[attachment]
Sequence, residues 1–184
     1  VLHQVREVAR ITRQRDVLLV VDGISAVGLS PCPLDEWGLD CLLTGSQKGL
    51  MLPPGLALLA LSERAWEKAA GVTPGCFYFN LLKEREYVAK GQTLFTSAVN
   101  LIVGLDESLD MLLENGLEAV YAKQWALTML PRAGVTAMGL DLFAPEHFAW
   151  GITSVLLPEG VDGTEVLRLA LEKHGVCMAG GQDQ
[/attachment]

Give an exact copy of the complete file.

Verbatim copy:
Sequence, residues 1–184
     1  VLHQVREVAR ITRQRDVLLV VDGISAVGLS PCPLDEWGLD CLLTGSQKGL
    51  MLPPGLALLA LSERAWEKAA GVTPGCFYFN LLKEREYVAK GQTLFTSAVN
   101  LIVGLDESLD MLLENGLEAV YAKQWALTML PRAGVTAMGL DLFAPEHFAW
   151  GITSVLLPEG VDGTEVLRLA LEKHGVCMAG GQDQ